5. High speed CMOS logic circuits. (Leakage currents dominates quiescent power dissipation; Carrier mobility dominates transistors gain and therefore the speed).
6. New designed and packaged high-density ICs with regard to optimizing size and speed parameters. (Heat dissipation).
7. Small size and high speed computers.
It is well known that the speed of computers is limited by the size of the computer, because the electric pulses need finite time to travel inside the computer. Circuit density in a computer is limited by heat sinking problems of the heat that is generated by the computer parts. Moreover, high speed components generate more heat. Temperature Self-Regulated Integrated Circuits (ICs) in accordance with this invention is proposed herein as the solution for this problem. These ICs enable circuit designers to reduce the computer size and to increase its speed and capability.
FIG. 1 is a schematic representation of an integrated circuit chip including thermoelectric coolers in accordance with the principles of this invention;
FIGS. 2 and 3 are block diagrams of the control circuits for the thermoelectric coolers of FIG. 1;
FIG. 4 is a circuit schematics of an illustrative control circuit for the TECs of FIG. 1;
FIGS. 5 and 6 are top and perspective views of a chip as shown in FIG. 1 ready for encapsulation and encapsulated respectively; and
FIG. 7 is a projection view of a semiconductor chip absent on-board TEC components but including an abutting TEC prior to encapsulation.
FIG. 1 represents an integrated circuit chip 10 having a plurality of functional areas 11, 12, 13 - - - 21 cooperative via, for example, internal data BUS 23 to perform prescribed functions such as that of a microprocessor or a digital signal processor. Thus, area 11 may comprise a timing and control area, area 12 may comprise an arithmetic logic unit, area 14 may comprise a register array and area 15 may comprise an address buffer.
As is also well understood, a timing and control circuit (11) is necessary for coordinating and timing the various functional areas. The timing circuit is one area of the chip which produces substantial heat during operation. The register array (14) and the arithmetic logic unit (12) also generate significant amounts of heat during operation. The crystal oscillator (19) requires a constant, stable temperature. In accordance with the principles of this invention, each of these components (11, 12, 14, and 19) is associated with a TEC represented as an extra block representation for each of those components and designated 21, 22, 24 and 29, respectively. Components 17 and 18 are controls for TECs 22 and 24 responsive to pulses occurring in the chip during normal operation. Components 20 and 23 are TEC controls for oscillator 19 and timing and control circuits 21, respectively, and are responsive to temperature sensors. The basic chip representation is that of an intel 8085 microprocessor to which the components 21, 22, 24, 29, 17, 18, 20 and 21 have been added in accordance with the principles of this invention.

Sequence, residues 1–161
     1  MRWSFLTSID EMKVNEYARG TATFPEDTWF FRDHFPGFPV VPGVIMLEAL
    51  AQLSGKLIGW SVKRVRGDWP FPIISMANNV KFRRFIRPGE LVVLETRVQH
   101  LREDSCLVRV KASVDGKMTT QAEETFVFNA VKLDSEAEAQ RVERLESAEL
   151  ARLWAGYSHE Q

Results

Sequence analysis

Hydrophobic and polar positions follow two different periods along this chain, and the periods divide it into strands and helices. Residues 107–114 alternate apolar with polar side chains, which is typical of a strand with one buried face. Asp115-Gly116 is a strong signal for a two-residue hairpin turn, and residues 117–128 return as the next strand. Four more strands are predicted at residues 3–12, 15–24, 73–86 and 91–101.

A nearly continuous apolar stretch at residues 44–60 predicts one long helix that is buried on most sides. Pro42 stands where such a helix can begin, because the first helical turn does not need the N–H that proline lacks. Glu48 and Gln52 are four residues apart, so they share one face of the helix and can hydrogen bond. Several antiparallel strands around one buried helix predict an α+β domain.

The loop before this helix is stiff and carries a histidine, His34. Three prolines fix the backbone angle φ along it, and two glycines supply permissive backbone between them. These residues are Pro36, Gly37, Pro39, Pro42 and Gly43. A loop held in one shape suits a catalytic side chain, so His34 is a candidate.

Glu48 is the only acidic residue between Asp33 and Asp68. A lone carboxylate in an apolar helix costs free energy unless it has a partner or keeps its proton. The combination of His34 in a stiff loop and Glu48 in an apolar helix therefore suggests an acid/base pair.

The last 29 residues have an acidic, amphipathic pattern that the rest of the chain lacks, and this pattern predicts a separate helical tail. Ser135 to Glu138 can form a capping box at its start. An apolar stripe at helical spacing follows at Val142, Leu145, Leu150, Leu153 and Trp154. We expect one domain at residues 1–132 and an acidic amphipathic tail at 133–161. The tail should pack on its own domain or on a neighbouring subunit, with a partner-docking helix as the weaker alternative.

FIG. 2 is a block diagram of the operation of TEC 22 or TEC 24 responsive to current pulses applied to components 12 or 14, respectively, during operation of the microprocessor represented in FIG. 1. The each TEC (control circuit 17 and 18) includes a current detector represented by block 30 which is shown connected to a threshold adjust circuit by arrow 31. The threshold adjust circuit is represented by block 32.
The output of detector 30 is connected to amplifier 33. Amplifier 33, in turn is connected to a power amplifier/current source 34, the output of which is connected to the associated TEC (22 or 24). A feedback ammeter and a feedback ammeter with selectable voltage gain, either of which is suitable for use in the chip of FIG. 1 are described on page 38 of “low level” measurements, 1984, from Keithley Instruments, Inc., revised 3d edition.
FIG. 3 is a block diagram of the operation of TEC circuit controls 23 and 20 for TECs 21 and 29 respectively. Each of controls 20 or 23 includes a temperature sensor as indicated by block 40 in FIG. 3. Such a sensor may comprise a thermister as is well known. The output of the thermistor is connected to the input of a detector represented by block 41. A threshold adjust circuit 42 is connected to detector 41 to preset the temperature level which when exceeded results in the activation of the TEC. The output of the detector is connected to the input of an amplifier represented by block 44 in FIG. 4. The output of amplifier 44 is connected to power amplifier/current source 45. The output of source 45 is connected to the TEC (22 or 24) for supplying current to the TEC when the temperature threshold as set by 42 is detected by detector 41. The illustrative embodiment contemplates a current of a polarity to cool the associated component of the chip. It should be apparent to one skilled in the art that a current of an opposite polarity may be used to heat a component if it is determined that stable operation temperature is more important as is the case with oscillator 19.
FIG. 4 shows a circuit diagram for a thermoelectric cooler comprising a threshold adjust portion 50, a detector portion 51, an amplifier portion 52 and a current source 54. Such a circuit is merely illustrative of such well known suitable circuits to this end. The circuit is described on page 229 of “Thermoelectric Refrigeration” published 1964 by Plenum Press. A full description of the Intel 8085 microprocessor as well as the pulse diagram for the operation of the microprocessor is presented on pages 485, 486, 487 and 488 of “The Art of Electronics”, by P. Horowitz and W. Hill, Cambridge University Press, 1930.
FIGS. 5 and 6 show a top view of the microprocessor chip 10 of FIG. 1 on a substrate ready for encapsulation. The pinouts for a plurality of components are shown. In this embodiment, the chip is encapsulated as shown in FIG. 6 and a heat sink is abutted against the completed encapsulation in conventional manner. In this embodiment, the chip is encapsulated as shown in FIG. 6 and a heat sink is abutted against the completed encapsulation in conventional manner.
If TEC components are not formed as part of the integrated circuit fabrication as discussed in connection with FIGS. 1-4, a TEC may be abutted against a microprocessor prior to the completion of the encapsulation. Such an arrangement, prior to encapsulation is illustrated in FIG. 7.
It is clear that the arrangement illustrated in FIG. 7 is not as beneficial as are arrangements where TECs are formed at the integrated circuit hot spots. But such arrangements do offer advantages over the prior art because they locate a TEC within the integrated circuit package.
In embodiments where the TECs are formed as part of the integrated circuit fabrication process, only negligible space on the chip is occupied by each TEC. But temperature of local hot spots can be controlled to exacting specifications which allows a significant increase in component packing density.